Operation of the transversal filter 100, 200, 300 of the receiver for various values of time delay (using a conventional delay line) is described in detail in the aforementioned Gibson patent (incorporated herein by reference) and so will not be repeated here. Of interest, as to the present invention, is the operation of the delay circuits 100 and 200, the design of which facilitates construction of the transversal filter in integrated circuit form. These circuits are structurally similar (although their relative delay times may differ by selection of filter component values) and so only delay circuit 100 (outlined in phantom) need be considered in detail.
In delay circuit 100 input terminal 110 is coupled to the input terminals of an active bandpass filter 301 and a voltage-to-current converter 400 which have output terminals coupled to respective voltage input and current input terminals of an active signal combiner 500. Filter 301 and combiner 500 each receive a common reference or bias voltage provided by a reference voltage source 600.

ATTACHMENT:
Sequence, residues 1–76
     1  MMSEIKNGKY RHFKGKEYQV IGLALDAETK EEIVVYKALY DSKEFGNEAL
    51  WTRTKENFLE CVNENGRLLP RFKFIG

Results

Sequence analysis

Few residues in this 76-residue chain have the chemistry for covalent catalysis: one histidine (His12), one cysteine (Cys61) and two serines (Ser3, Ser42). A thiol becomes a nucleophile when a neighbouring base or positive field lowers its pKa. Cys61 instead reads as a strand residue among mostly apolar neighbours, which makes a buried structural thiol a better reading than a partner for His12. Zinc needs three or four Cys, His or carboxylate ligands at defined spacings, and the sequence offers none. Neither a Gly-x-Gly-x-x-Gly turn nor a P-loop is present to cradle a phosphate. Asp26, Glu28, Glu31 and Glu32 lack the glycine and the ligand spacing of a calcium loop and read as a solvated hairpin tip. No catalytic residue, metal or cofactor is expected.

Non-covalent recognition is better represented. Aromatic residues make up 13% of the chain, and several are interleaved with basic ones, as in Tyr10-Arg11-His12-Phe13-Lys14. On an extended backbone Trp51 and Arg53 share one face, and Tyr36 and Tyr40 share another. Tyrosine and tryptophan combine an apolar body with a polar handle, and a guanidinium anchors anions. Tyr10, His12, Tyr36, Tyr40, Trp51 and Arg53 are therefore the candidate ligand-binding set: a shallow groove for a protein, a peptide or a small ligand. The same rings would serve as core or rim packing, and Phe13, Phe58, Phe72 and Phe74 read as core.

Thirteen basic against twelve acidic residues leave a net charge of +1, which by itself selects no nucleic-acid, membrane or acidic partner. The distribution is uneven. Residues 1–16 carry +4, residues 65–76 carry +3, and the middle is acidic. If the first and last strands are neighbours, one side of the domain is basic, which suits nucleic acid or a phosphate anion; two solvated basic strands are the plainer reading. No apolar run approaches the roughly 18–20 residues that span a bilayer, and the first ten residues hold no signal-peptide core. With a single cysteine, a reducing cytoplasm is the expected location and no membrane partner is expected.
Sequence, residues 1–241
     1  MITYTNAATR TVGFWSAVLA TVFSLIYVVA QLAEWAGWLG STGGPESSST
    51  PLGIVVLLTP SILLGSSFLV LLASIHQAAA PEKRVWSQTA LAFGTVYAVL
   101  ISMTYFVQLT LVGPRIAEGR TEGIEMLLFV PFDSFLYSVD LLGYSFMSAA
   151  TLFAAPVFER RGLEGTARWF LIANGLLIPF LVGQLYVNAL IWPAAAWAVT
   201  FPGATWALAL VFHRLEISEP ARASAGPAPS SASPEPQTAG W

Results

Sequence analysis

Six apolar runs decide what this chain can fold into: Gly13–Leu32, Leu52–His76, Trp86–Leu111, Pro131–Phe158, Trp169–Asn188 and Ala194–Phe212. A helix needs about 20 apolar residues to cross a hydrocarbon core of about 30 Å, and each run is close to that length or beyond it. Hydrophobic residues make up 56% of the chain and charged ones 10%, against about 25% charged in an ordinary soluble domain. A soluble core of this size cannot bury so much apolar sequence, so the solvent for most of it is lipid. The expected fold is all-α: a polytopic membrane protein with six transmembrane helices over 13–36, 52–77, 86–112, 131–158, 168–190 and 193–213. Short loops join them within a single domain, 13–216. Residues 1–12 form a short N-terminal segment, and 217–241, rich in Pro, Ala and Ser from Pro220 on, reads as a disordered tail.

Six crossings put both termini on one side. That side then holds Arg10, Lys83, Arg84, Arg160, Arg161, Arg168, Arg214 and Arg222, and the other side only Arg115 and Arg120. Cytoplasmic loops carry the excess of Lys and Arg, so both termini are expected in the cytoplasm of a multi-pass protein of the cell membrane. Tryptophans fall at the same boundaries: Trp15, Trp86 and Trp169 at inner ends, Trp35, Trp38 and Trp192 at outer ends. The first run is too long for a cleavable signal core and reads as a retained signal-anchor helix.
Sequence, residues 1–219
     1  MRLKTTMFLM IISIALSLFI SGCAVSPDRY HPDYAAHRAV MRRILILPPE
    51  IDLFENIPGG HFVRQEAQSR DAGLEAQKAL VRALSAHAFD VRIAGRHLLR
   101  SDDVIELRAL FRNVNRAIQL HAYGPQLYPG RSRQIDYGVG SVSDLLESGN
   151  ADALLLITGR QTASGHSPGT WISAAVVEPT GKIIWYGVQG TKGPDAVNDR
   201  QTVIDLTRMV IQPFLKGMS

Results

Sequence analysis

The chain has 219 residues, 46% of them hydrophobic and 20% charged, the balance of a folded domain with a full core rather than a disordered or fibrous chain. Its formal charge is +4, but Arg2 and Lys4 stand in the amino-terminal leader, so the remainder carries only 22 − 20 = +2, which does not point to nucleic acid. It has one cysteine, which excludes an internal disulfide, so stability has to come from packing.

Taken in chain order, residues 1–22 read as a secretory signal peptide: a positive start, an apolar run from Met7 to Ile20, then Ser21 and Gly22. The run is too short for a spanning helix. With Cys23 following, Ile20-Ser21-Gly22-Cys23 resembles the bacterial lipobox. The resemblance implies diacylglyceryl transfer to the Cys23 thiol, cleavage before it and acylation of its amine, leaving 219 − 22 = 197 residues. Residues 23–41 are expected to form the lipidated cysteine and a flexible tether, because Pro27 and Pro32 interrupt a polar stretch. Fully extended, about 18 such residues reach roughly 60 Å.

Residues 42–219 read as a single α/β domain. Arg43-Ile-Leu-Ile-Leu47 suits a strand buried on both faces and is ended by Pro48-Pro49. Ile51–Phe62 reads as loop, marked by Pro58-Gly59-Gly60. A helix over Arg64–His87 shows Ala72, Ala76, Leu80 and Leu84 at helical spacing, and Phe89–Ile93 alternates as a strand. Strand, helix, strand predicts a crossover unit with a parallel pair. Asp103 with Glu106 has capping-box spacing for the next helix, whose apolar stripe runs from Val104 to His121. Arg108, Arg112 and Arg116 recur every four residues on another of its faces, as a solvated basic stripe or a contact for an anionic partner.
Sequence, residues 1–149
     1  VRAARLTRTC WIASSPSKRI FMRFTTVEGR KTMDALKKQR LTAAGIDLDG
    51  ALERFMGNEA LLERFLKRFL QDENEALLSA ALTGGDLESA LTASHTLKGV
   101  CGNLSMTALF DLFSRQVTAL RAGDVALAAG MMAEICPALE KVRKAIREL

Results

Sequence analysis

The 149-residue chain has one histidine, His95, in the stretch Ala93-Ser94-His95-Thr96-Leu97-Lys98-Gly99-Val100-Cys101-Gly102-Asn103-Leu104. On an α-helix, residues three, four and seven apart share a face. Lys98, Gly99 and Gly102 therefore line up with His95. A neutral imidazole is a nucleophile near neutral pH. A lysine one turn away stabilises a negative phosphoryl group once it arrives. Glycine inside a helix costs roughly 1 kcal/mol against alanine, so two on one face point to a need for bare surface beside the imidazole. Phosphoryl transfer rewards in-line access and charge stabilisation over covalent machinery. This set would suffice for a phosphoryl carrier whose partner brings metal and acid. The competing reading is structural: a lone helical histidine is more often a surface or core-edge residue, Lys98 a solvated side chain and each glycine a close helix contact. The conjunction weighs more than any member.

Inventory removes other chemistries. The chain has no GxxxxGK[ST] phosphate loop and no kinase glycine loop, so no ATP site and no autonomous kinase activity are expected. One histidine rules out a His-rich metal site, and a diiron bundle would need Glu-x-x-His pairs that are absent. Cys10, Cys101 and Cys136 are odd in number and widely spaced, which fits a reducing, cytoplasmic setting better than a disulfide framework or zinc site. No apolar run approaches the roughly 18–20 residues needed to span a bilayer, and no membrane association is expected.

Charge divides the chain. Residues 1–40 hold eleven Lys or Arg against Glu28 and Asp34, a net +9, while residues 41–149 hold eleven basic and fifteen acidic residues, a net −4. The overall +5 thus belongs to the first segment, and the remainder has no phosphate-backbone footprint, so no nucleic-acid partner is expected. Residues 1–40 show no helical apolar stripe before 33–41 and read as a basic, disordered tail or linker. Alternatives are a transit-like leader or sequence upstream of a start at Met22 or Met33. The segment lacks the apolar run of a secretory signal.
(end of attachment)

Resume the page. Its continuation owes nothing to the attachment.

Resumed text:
Active bandpass filter 301 is preferably of the second order Sallen-Key type having equal valued input and feedback capacitors. As previously mentioned, the capacitance values for implementing such filters are relatively small (e.g., 5 pF for video signal delay applications) and may be formed within an integrated circuit (MOS rather than junction capacitors being preferred for improved stability). Design equations for constructing such filters are known (see generally, "A Practical Method of Designing RC Active Filters" by R. P. Sallen and E. L. Key published in "IRE Transactions on Circuit Theory", Volume Ct-2, No. 1, March, 1955 page 74 et seq. See also the aforementioned Lindquist Textbook, Chapter 12-4 "All Pass Filter Design Examples" page 616, et seq. In the design of the bandpass filter, the selection of a damping factor of 1.732 (√3) will provide a maximally flat (in the Butterworth sense) envelope delay response. In this case, the useable video bandwidth is on the order of 0.4 times the resonator frequency. If some passband delay ripple is allowable, a considerably improved delay bandwidth product can be obtained. With a damping factor of 1.5695, the useable video bandwidth rises to 0.73 times the resonator frequency. In this case, the delay ripple is within .+-.3% up to the video bandwidth limitation.